The town is also into hot dogs with lots of mayonnaise, which are called "completos", and are sold everywhere.

Jina is a particular fan

In fact the mayonnaise obsession is worth noting - at the supermarkets, I kid you not, there is usually a section as big as, say, olive oil back home, with row after row of "normal" mayonnaise. Not really any variation, just the kind of stuff you get out of little plastic sachets at greasy cafes. In fact it all comes in plastic sachets, one irritiation in Argentina and Chile. Any liquid you buy - ketchup, mayo, probably toothpaste for all I know, comes in a plastic sachet. Presumably somewhere there is a shop doing a very good line in plastic bottles to transfer this stuff to. It's like bottles of washing liquid back home where you can get the "refill" sachets, but here you only get refill.. ever!

Overall Valpo is like Naples but without the good food, and Viña is a poor Capri. The next day we headed across to a national park called La Campana, that my book had mentioned contains some of the best views in Chile. Sounds marvellous! We were expecting the day to be hot. Took the train to the end of the line, then bused up to the park. This is not a very well-known park, and hence it was a bit of a mission getting there. We arrived, signed in, and hiked up the hill, not especially clear in our minds where we were heading, but the trail was fairly good. Because the park "closed" at 5:30pm, the guardaparque chap said we couldn't go all the way to the top.

Where is this park, I'm sure it's round here somewhere..

We followed the path up, growing increasingly suspicious higher up that in fact this was not going to provide the "best views in Chile", especially on such a hot, hazy day.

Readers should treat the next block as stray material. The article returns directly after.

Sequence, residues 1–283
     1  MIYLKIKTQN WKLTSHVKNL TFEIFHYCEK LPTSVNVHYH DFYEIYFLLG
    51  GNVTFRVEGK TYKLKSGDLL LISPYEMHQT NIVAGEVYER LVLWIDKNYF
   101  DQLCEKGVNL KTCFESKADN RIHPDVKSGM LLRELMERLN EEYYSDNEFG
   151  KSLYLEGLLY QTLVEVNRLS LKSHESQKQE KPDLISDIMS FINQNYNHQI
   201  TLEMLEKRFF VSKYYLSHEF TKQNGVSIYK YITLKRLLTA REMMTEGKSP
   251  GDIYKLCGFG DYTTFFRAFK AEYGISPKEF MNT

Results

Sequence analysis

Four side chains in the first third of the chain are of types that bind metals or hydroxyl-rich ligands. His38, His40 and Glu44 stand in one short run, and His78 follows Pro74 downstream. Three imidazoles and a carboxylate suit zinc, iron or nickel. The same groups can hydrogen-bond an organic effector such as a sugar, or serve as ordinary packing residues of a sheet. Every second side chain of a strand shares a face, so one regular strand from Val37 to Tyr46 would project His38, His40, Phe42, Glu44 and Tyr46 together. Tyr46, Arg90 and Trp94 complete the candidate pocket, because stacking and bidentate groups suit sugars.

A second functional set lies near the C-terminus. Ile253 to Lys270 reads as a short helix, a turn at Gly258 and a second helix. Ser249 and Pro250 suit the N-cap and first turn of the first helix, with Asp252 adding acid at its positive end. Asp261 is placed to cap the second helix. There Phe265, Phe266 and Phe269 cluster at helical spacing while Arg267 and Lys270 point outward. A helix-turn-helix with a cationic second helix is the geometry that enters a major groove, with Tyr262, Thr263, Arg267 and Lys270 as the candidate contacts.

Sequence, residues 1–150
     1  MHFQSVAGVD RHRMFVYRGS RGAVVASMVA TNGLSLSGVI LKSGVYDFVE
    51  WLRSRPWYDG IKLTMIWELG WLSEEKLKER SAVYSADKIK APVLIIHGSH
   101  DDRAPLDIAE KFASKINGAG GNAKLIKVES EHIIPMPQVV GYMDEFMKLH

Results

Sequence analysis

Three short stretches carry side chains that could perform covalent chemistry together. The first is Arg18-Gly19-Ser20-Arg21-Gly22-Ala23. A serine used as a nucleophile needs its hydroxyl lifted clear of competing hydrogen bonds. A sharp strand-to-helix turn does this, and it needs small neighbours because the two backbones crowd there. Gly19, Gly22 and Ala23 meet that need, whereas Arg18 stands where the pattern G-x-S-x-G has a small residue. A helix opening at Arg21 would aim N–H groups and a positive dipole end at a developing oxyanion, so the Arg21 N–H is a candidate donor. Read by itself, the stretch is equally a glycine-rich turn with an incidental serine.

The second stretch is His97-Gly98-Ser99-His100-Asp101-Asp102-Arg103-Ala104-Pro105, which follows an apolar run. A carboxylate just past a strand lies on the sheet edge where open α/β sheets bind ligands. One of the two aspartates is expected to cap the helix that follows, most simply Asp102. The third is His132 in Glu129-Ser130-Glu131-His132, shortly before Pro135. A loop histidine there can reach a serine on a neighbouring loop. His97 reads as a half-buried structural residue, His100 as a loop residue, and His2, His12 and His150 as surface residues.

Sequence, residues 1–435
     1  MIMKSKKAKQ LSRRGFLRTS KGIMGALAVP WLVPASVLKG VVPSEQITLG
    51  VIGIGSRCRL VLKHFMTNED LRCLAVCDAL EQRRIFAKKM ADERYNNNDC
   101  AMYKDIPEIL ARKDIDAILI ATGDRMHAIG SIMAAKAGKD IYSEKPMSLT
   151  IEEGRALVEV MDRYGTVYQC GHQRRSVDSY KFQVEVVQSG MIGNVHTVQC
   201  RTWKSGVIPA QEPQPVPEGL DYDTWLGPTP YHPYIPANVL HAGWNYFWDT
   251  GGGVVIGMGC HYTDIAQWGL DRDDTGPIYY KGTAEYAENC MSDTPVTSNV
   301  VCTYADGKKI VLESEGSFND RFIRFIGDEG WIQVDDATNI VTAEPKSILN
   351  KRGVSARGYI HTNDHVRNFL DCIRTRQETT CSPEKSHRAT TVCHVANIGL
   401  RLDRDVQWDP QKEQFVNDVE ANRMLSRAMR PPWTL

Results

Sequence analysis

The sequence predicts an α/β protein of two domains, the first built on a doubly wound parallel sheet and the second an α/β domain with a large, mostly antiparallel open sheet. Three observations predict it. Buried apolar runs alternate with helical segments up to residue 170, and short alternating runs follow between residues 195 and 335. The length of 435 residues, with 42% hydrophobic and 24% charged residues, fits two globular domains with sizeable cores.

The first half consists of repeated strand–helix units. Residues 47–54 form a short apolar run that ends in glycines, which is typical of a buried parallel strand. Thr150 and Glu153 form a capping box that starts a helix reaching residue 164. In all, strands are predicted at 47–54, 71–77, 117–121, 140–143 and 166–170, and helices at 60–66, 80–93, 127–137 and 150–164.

Through the cacti fields

We reached a point where there were some mines, as in holes in the ground not explosive bits of metal, and stopped here. It provided a nice shady place to cook, but first we headed to the top of a ridge not far away. Large birds of prey sat at the top and watched us suspiciously as we approached, before launching off gracefully when we were merely yards away.

We sat atop the hill, and just enjoyed the view.

Best views in Chile, you say?

I contemplated the very sad news I had received from back home recently, before we headed back down to the mine to cook, in a spot that must have been no more than 5 metres from a wasps' nest. I don't like wasps.

Bring it on you b****rds!


The next day we had decided that we'd exhausted Valpo and Viña and their wealthy of unexciting tourist activities, so we hopped on the bus back to Santiago, with a dual purpose for the day. Firstly, we were going to visit Concha y Toro, the famous winery. Then we would go in search of Korean food that we were assured existed somewhere in the city...


Anonymous said...

hang on hang on............

what happened to the last 3 weeks??

we demand an explanation!!

aliens?? MI5?? MIB?? Memory Loss??

Lewis and Fliss said...

You have just provided me with a few nights worth of reading. See you soon pip

Anonymous said...

< sarcastic> So glad you're having a lovely time < / sarcastic>

Three quarters of the C*LT managed services team is now stuck in the middle of nowhere, but all the A.L. engineers mutinied! The cheek of it... whatever happened to discipline? How can anyone prioritise employee satisfaction above a critical management initiative? The world is going to the dogs...

Anonymous said...

Never beginner in getting cold my feet! Absolutely you're beginner in cold camp site~! huhu
You uproaded lots of your photos!